When she's not doing work during her off-hours, Longo enjoys getting together with friends. She also likes to take her golden retriever, Rocky, out for long walks at places such as Île-de-la-Visitation and she has joined the ranks of iPod enthusiasts.

Longo says she is taking a break from committee work this year, but she has presented her nomination for a seat in Senate. She has also taken up crocheting. A project that started off as making baby booties for a family member evolved into making "Martha ponchos" for friends and cancer patients: word got out and now she has made five using a pattern, available on the internet, of the poncho Martha Stewart wore upon her release from prison. It sounds like even when she's not looking for a way to give back to the community, the community finds her anyway.

— Balbir Gill

"Our results suggest that high-risk patients were no more likely to take proper precautions in the sun than the entire cohort studied."

Beatrice Wong
MUHC dermatologist quoted on ABC, on people with higher risk of skin cancer and their laissez-faire attitudes.


New law journal springs forth


Caption follows
Journal editors Jeff Derman, Michelle Sanders and Heather McCready
Maeve Haldane

Spring is a time for new birds, flowers and… journals. This May, students in the Faculty of Law will proudly launch the first volume of the International Journal of Sustainable Development Law and Policy.

The journal is the culmination of several years of preparation, and represents an effort on the part of its founders to bolster the intellectual credibility of sustainable development. Recognizing that the concept has sometimes been dismissed as naive or ideological, the journal will address sustainable development in an honest and open fashion.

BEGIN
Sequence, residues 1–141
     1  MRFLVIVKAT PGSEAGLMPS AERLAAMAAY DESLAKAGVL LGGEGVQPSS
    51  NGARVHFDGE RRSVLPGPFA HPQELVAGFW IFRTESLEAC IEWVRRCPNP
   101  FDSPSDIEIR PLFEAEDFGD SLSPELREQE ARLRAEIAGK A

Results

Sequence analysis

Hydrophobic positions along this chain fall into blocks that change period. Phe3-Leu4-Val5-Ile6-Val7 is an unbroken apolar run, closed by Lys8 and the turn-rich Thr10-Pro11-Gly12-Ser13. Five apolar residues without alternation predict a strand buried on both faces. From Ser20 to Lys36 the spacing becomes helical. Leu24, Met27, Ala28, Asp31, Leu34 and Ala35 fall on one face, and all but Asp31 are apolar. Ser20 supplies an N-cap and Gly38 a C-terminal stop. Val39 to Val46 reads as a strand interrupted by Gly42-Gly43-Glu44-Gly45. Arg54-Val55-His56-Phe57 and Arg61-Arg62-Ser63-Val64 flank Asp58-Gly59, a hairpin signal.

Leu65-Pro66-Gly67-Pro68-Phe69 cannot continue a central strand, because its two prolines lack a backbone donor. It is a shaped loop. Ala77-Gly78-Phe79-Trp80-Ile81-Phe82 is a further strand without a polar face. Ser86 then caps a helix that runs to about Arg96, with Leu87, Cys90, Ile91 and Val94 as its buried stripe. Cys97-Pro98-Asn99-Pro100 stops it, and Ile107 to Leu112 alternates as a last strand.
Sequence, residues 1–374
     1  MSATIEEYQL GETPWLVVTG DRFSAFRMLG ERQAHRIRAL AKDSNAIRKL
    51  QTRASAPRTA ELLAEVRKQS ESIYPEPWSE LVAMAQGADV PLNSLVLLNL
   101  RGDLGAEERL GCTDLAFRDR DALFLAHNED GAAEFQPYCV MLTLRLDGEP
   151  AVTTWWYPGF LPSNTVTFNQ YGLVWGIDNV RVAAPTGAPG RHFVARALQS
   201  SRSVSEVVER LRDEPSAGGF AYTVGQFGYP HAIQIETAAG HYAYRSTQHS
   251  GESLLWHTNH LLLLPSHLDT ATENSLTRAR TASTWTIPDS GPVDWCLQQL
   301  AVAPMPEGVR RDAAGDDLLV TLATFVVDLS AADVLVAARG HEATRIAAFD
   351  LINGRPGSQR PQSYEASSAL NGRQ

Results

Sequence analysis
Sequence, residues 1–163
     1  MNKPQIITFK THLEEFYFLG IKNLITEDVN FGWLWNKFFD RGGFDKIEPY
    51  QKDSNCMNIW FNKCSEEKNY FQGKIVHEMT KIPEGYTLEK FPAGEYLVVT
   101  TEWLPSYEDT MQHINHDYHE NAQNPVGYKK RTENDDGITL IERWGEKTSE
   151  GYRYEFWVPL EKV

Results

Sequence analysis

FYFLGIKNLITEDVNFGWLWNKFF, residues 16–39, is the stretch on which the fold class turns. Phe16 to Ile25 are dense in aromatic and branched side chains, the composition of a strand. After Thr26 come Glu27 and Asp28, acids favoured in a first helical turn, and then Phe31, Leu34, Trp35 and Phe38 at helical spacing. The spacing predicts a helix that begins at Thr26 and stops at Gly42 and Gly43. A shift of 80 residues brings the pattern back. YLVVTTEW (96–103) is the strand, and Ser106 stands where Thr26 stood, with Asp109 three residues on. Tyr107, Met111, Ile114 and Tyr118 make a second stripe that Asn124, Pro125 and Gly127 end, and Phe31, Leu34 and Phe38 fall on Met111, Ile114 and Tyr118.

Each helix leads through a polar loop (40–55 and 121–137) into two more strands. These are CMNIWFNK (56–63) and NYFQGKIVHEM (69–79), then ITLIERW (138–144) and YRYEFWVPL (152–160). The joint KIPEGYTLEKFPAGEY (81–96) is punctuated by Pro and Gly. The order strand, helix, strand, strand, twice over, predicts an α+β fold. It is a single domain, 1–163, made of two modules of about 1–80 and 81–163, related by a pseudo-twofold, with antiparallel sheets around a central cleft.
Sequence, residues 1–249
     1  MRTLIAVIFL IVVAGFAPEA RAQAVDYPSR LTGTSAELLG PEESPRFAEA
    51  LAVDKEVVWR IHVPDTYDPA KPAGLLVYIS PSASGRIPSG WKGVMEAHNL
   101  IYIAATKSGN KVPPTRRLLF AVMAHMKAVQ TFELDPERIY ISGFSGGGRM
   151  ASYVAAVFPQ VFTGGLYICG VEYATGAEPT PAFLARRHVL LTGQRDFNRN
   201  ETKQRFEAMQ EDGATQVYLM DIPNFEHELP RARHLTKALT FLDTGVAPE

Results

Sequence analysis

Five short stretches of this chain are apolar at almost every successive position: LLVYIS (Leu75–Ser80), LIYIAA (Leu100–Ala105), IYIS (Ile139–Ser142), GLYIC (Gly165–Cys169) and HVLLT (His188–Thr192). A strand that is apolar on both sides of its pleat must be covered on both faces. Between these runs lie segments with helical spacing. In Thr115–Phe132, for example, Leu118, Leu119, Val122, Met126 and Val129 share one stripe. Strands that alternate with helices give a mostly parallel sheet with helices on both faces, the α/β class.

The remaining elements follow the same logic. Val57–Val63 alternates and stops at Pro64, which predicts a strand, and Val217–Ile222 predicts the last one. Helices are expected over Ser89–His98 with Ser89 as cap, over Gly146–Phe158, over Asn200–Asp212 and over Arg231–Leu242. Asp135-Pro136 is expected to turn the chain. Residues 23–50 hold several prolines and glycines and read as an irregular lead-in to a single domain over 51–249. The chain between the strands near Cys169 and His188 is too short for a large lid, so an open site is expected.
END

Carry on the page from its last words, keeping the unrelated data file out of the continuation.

"We felt a need for a frank discussion of issues that are important to our future," said Michelle Sanders, editor-in-chief of the new journal. "We also felt it important to emphasize both law and policy in order to bring together various communities such as NGOs, academics and civil society."

The new sustainable development journal is building on a solid pedigree. The student-run McGill Law Journal is regarded as one of the best legal publications in the country, and the editors of the sustainable development journal hope to build on that following. For its first issue, the new journal will be distributed in tandem with its sister publication.

The Sustainable Development journal has also received support from Dean Nicholas Kasirer, the Principal's Office and the McGill Alumni Association.

Although issues will focus on topics like climate change and regional development, the journal is dedicated to publishing submissions from a wide range of topics.

"Our subject matter will be drawn from what is happening in the world," said Sanders. "Sustainable development is an ever-changing and developing field, and we don't want to preclude future editors from deciding what the most important or relevant topic might be at any given time."

—Jeff Roberts

"Everything was always wonderful in the Third World and the Middle East until the West came and made things bad."

Philip Carl SalzmaN
Anthropology professor in the Jerusalem Post criticizing academic characterizations of Israel and the Middle East./p>